Instructions #4 - Large Butterfly
The butterfly models built by ColonialLUG members were all created using the same design process. This guide outlines the process using the Eastern Tiger Swallowtail model as an example. Be aware that this style of butterfly uses 400-800 parts per butterfly!
Step 1: Create a Grid.
To start off the design process, create a grid which represents stacked 1x1 plates. Some people prefer paper grids, others prefer working digitally. If working digitally, a spreadsheet program like Microsoft Excel is a good choice! Our designers use Inscape, a free vector graphics software. Dividers between columns should be spaced 0.31 inches apart and each row should be 0.125 inches in height.
After the grid is created, draw a rough outline of a butterfly wing! While this is easier in a vector software or by hand, the Freeform Shape tool in Microsoft Excel also works fine.
Step 2: Convert the sketch to plates.
With an outline sketched over the grid, fill in plates to match the sketch. ColonialLUG members generally use a medium shade of grey to represent black, so the grid lines are still visible.
* It is important to get this step to as close to the desired final shape as possible. Subsequent steps will make this outline difficult to change.
* It can be useful to fill in adjacent plates on diagonal sections.
Step 3: Adding color.
To complete this step, fill all cells within the plate outline with colors representing the patterns of the selected butterfly. Notice two cells marked in black. These cells, with a 14 plate space between them, are representative of the connectors which will be used to hold the wings to the body.
* ColonialLUG designers found they usually worked from the outer edges towards the center. In the Swallowtail design, it was important to show the tiger-like stripes.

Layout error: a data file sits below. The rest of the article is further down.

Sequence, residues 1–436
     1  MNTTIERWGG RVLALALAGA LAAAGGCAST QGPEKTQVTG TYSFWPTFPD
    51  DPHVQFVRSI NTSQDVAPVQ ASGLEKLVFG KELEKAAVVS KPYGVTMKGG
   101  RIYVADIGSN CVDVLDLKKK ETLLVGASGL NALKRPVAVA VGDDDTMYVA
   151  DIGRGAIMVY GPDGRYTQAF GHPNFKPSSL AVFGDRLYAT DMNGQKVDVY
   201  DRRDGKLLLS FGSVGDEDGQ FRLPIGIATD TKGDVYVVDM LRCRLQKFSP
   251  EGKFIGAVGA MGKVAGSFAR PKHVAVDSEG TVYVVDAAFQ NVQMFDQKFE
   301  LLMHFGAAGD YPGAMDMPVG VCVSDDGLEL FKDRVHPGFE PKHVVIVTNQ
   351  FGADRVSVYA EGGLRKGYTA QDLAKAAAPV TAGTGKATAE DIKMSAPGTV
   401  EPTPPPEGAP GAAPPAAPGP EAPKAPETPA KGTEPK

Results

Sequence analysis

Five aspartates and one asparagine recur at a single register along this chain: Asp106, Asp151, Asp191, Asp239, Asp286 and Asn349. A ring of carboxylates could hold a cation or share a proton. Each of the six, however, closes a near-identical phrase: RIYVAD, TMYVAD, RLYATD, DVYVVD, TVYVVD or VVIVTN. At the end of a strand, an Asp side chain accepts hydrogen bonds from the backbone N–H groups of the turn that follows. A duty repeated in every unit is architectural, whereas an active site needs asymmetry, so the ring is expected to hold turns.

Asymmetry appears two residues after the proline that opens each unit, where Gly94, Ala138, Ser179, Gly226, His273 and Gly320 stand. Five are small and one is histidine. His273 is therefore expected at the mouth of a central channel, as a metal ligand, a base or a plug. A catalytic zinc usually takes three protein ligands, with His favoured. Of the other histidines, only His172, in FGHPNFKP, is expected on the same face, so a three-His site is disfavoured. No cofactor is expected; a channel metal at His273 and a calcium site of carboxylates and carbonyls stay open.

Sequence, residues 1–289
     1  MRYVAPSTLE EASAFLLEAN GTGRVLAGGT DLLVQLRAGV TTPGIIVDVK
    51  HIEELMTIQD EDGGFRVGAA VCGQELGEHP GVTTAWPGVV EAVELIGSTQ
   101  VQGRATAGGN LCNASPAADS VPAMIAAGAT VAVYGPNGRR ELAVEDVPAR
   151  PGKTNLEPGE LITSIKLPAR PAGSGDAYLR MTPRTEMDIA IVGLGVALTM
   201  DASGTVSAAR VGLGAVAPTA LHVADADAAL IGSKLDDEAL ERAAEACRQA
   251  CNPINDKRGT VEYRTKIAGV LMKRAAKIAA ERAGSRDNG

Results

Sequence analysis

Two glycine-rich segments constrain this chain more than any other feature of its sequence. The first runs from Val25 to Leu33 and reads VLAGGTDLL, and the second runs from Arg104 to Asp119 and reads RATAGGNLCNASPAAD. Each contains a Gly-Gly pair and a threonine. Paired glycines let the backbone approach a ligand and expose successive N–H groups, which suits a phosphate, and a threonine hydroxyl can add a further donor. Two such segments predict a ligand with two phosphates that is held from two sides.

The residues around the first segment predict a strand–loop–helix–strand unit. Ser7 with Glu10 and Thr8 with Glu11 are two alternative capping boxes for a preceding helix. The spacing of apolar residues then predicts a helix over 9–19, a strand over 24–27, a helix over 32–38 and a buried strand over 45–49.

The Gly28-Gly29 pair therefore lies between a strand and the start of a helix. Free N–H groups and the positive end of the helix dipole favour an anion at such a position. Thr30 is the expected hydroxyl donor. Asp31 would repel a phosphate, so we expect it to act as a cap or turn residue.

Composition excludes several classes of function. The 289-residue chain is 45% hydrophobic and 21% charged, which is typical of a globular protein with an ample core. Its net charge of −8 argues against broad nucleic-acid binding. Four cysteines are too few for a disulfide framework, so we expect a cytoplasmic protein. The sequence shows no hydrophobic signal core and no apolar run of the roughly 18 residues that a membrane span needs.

* Using multiple shades of color can enhance how the audience views the model. The Swallowtail uses two shades of blue and two shades of yellow.
Step 4: Merge plates to save parts.
With a wing full of color, the next task is to merge cells to save parts and build a rigid construction.
* Take available parts into consideration when merging cells. The ColonialLUG designer of the Swallowtail had many 1x3 plates in cool yellow (the lighter yellow color), so they prioritized using those.
* A section of 3-high plates in the same color can be converted into a brick. This is useful for reducing the number of 1x1 plates needed in the model.
* Ensure that each column has at least two plates which extend into neighboring columns. ColonialLUG designers often had to redraw the placement of plates on wingtips to improve durability.
Step 5: Build the body.
The body for each ColonialLUG butterfly uses the same core assembly. This assembly is built to connect with each wing at the cells previously marked in black, which are replaced by element 32828 PLATE 1X1 ROUND W/ HORIZONTAL 3.2 SHAFT.
Step 6: Build a mirrored wing.
Using your first wing as a guide, build a mirrored copy and attach it to the body.
Step 7: Finish the Abdomen.
Add appropriately colored plates, tiles, or slopes to cover up the exposed studs on the abdomen. Try to keep the abdomen covering two studs wide, as anything larger will begin to impair movement of the wings.